2023 | Volume 24 | Issue 4
"As surgeons, we have a unique and overarching responsibility for managing patients in the pre-operative, intra-operative and post-operative periods. This includes, most importantly, who we choose to operate on."
Associate Professor Andrew Zacest, past chair of the RACS Pain Medicine and Surgery section committee is talking about the recent RACS position paper Management of perioperative pain in adults for surgeons . This is developed by the Section’s committee and was launched at the Adelaide Annual Scientific Congress during the Pain Medicine and Surgery program in May.
The RACS Pain Medicine and Surgery section—formed in 2011—would like to see RACS Fellows develop an understanding of pain and its management. This includes assessing the patient’s biopsychosocial aspects of their pain complaint.
“Assessing a patient in the pre-operative phase is potentially the most important phase of a surgeon’s care. Identifying psychosocial variables such as pain self-efficacy, catastrophising and acceptance is important as these can influence surgical outcomes and be modified with suitable interventions.”
The position paper refers to the Australia and New Zealand College of Anaesthetists’ and the Faculty of Pain Medicine’s document Acute Pain Management: Scientific Evidence (5th edition) (APMSE), endorsed by RACS.
“The committee sees this as a landmark tool for guiding all medical practitioners, including surgeons, who treat acute and perioperative pain.”
Current committee chair, Dr Pauline Waites agrees and says, “Setting a patient’s expectations before any intervention can be helpful. Keep these as realistic as possible.”
The paper recommends strategies should the decision not to operate be made and the patient may feel abandoned.
“In these cases, timely referral to a specialist pain medicine physician or service is appropriate.”
The position paper highlights that persistent post-operative pain may be delayed in some patients. In this situation, the patient should be thoroughly debriefed about the potential for post-operative pain and early referral made to appropriate specialists, or services, to ensure the best treatment.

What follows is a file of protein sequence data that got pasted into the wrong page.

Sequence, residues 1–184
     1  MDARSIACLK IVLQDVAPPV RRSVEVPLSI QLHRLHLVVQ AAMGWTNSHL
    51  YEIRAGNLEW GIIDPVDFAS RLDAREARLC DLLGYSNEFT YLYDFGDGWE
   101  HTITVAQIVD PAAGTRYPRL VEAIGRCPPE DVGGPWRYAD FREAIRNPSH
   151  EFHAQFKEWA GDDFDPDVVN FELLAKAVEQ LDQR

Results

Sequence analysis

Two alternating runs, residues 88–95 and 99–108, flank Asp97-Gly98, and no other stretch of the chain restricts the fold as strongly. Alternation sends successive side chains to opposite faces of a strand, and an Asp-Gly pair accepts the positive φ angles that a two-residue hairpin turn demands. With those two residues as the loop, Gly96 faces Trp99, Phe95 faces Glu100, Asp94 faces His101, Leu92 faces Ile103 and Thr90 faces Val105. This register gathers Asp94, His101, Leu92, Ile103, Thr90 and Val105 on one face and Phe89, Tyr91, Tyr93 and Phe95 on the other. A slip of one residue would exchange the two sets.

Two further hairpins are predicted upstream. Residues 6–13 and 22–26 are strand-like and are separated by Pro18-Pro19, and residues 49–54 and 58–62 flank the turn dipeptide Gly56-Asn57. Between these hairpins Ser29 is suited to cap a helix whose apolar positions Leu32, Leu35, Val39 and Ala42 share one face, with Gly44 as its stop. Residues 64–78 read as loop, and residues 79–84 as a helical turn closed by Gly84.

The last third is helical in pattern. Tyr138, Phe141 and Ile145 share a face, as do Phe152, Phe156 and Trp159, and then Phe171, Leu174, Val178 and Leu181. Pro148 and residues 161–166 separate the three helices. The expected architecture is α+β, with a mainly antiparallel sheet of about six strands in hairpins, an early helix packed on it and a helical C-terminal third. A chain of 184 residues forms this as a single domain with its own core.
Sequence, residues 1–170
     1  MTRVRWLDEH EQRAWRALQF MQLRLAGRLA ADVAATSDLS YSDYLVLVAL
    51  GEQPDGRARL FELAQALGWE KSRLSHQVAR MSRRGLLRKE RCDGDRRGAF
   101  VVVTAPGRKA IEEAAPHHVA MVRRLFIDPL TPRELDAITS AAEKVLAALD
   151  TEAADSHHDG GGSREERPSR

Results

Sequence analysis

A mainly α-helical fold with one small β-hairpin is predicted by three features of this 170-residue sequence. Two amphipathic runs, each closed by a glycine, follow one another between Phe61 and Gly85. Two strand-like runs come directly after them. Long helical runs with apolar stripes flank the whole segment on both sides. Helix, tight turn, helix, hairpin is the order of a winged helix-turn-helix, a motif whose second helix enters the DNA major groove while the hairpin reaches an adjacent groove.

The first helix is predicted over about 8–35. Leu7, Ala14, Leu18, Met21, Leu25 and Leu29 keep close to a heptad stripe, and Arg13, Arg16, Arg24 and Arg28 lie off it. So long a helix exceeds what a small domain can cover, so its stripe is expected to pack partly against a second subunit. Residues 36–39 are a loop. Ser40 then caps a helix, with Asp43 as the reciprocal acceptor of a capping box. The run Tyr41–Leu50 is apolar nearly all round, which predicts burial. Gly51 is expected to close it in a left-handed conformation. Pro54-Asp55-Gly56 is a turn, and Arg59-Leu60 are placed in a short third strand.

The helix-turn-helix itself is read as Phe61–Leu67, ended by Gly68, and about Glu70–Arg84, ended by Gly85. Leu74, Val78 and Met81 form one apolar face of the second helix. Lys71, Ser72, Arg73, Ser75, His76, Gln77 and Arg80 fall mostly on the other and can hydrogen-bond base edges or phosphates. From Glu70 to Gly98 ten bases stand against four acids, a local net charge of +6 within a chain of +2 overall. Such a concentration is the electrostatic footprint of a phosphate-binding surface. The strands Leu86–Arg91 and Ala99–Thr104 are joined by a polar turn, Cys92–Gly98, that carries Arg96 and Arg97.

Associate Professor Zacest says, “Patient concerns should not be dismissed. Actively listening and acknowledging the problem may reduce the perception that the patient has been ‘abandoned’ by the surgeon.”
In most patients, opioid medication should no longer be necessary at the time of the first post-operative review. If opioid medication is continuing additional issues should be explored.
“While most post-operative visits are scheduled for six weeks, the pre-operative review indicating some ‘yellow flags’ or psychosocial risk factors, may necessitate an earlier review, which can resolve problems before they arise,” Associate Professor Zacest says.
The paper also discusses the importance of clinical evidence for pain procedures, ethics, and financial considerations. It recommends that the clinical evidence for procedures to relieve pain needs to be reviewed regularly and critically by all surgeons. The current clinical evidence is sometimes controversial and varies enormously in quality. Evidence, or lack of evidence, for a particular surgery should be included in any informed discussion with the patient. Financial considerations to perform surgery for relief of pain can represent a potential conflict of interest and should be considered as such.
Stay up to date in pain medicine and surgery by joining the RACS Pain Medicine and Surgery section and coming along to the section's program at the Annual Scientific Congress in May 2024. Email email@example.com to join.